So I was thrilled to discover John Cleese on Cameo, offering to create personalized videos for a fee. My oldest brother had a birthday coming up, so I couldn’t resist paying John Cleese to insult him as a birthday gift.

He did not disappoint.


In my early twenties I met a wonderful girl named Melissa. In previous relationships I felt like an outsider, but with her I was so at ease. We were young & stupid and let it slip away, but I always looked back on her as the one that got away.

Thirty-ish years later I was walking my dogs in a nearby park and I ran into Melissa. I couldn’t believe it was her, and I couldn’t believe she lived just a few miles away.

We walked and talked for a while that morning, and continued to walk and talk for weeks after. We pretended to be platonic, but I knew I loved her. One day I held her hand and it was the most connected I ever felt with someone.

We went through a lot to get to this point, but on January 1, 2019, we married. “Here Comes the Sun” played as she walked down the aisle, because that’s what she is to me. Our wedding dance was to “Always Look on the Bright Side of Life,” which was when my friends and family learned I really can’t dance.

We love doing so many things together – hot yoga, running, hiking, martinis, and so much more – but our favorite thing is live music. In the past few years I’ve seen more concerts than I’ve seen in my entire life.

Roger Waters, Metallica, Buddy Guy, Beck, Primus, Rolling Stones, Trombone Shorty, Hamilton, Tool, Dweezil Zappa, Wilco, Aerosmith, Joe Bonamassa, Gary Clark Jr, Anthrax, George Clinton, Jonny Lang, Foo Fighters, the list goes on.

These days, of course, our concert-going has been put on pause. But we’re still having fun.

To keep us sane in lockdown, my wonderful wife filled the yard with toys. We have a badminton net, bean bag toss, croquet, hoppity hops, and a tiny kiddie pool to cool off in. We also bought inflatable paddle boards and kayaks so we can enjoy a nearby lake.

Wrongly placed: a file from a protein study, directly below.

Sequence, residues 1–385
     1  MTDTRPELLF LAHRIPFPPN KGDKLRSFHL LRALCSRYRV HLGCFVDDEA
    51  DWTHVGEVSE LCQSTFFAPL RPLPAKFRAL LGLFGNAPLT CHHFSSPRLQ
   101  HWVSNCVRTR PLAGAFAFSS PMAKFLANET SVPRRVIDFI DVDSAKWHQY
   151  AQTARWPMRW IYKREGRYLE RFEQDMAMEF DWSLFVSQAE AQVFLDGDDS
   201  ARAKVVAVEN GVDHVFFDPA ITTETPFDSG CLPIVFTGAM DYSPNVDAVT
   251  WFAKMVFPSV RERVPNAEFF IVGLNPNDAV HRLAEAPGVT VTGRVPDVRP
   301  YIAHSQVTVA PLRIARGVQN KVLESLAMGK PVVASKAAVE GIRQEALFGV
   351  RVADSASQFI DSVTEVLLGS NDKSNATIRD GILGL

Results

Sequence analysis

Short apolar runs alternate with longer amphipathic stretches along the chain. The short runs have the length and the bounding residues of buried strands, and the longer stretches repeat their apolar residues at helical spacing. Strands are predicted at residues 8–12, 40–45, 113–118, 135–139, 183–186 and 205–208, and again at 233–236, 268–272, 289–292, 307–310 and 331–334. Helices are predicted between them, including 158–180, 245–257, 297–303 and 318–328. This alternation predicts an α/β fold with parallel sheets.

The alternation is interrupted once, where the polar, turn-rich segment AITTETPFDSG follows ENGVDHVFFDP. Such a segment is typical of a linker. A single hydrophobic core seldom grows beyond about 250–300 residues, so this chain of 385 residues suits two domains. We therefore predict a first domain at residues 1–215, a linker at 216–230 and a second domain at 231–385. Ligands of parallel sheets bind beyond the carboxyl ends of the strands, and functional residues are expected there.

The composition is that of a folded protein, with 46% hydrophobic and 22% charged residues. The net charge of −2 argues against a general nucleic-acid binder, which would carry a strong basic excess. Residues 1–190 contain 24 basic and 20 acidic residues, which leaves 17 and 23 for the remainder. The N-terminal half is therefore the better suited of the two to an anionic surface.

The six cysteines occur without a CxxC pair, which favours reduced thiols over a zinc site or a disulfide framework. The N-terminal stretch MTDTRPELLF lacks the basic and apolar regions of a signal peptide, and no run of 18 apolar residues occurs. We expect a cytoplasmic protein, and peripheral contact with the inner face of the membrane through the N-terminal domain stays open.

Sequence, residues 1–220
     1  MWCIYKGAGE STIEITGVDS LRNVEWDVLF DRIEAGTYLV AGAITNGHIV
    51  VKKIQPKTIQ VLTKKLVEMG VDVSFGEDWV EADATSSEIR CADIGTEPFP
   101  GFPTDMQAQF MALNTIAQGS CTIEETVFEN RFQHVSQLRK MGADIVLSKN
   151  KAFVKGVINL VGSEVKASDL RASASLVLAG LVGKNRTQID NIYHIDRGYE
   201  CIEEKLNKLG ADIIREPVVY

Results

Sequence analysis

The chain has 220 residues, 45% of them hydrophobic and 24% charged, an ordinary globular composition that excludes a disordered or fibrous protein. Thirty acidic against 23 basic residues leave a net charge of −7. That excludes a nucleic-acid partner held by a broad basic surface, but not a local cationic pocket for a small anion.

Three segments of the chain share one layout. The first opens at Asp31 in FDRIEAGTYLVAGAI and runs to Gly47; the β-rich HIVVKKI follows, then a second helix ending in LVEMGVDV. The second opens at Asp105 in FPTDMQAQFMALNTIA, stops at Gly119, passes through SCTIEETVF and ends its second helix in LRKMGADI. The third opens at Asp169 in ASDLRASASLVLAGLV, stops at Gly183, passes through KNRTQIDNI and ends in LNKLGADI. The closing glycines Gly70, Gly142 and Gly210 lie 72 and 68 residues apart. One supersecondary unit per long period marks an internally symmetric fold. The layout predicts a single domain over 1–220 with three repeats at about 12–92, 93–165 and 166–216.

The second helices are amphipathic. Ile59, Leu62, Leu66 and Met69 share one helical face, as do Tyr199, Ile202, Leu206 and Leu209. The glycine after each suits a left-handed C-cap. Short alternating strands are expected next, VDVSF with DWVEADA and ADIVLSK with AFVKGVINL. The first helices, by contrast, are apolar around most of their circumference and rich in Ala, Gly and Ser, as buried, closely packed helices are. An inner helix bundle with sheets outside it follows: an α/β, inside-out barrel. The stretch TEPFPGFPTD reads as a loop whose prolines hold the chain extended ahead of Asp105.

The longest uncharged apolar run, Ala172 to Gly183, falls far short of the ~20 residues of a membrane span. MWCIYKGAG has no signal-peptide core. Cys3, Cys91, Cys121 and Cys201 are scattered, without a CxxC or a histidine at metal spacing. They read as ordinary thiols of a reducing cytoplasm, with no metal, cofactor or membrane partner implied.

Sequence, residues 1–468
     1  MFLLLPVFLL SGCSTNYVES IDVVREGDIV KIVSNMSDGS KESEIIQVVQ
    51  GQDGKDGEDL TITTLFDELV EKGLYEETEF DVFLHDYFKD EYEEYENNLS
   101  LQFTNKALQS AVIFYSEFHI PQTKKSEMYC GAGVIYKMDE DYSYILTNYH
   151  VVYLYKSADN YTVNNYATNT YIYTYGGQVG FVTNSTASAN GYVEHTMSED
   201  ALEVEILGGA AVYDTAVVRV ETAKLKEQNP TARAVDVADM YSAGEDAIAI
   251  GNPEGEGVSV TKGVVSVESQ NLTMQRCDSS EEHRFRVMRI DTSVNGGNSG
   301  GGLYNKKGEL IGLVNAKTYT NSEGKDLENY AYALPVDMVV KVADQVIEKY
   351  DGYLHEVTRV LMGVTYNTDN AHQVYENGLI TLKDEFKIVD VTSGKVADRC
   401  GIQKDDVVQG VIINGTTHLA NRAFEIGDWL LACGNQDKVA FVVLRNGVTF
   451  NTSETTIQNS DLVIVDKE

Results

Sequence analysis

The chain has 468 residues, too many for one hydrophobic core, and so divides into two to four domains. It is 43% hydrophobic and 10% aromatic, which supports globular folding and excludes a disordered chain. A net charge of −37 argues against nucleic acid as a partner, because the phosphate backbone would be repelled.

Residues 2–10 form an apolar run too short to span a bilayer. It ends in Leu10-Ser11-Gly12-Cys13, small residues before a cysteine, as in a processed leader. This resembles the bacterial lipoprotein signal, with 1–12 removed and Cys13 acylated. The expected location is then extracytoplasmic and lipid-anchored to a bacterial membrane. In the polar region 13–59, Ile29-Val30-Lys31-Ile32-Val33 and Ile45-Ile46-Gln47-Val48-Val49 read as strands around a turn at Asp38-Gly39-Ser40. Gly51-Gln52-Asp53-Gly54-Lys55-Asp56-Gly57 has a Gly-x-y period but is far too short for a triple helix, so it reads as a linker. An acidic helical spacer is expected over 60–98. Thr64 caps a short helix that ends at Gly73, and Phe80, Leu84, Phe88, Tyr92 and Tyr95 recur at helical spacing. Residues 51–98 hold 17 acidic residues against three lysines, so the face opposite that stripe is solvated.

We don’t know where things are headed in this country, but we do know that we’ll continue to live a life of love, laughter, and music. I’m so glad for that morning in the park, and so glad I’m finally sharing this story with you.

Goodbye, Bella

Over the years I’ve shared my life with seven dogs and I’ve loved them all, but none has meant more to me than Bella. Today I had to let her go, and I’m remembering what an impact she has had on me.

She possessed a fiercely independent spirit that I connected with in a way I never have with any other creature, and that connection was so deep that it forced me to confront how we treat animals as mere product. I gave up eating meat in part because of the bond we have shared.

She was unique, she was beautiful, and she was loved. It hurts so much to let her go, but I’m so glad we shared each other’s lives. I like to think we were both better off for it.




“Look out you rock ‘n rollers … pretty soon now you’re gonna get older.”

One of the downsides of getting older that nobody tells you about is you live to see some of your cultural icons die.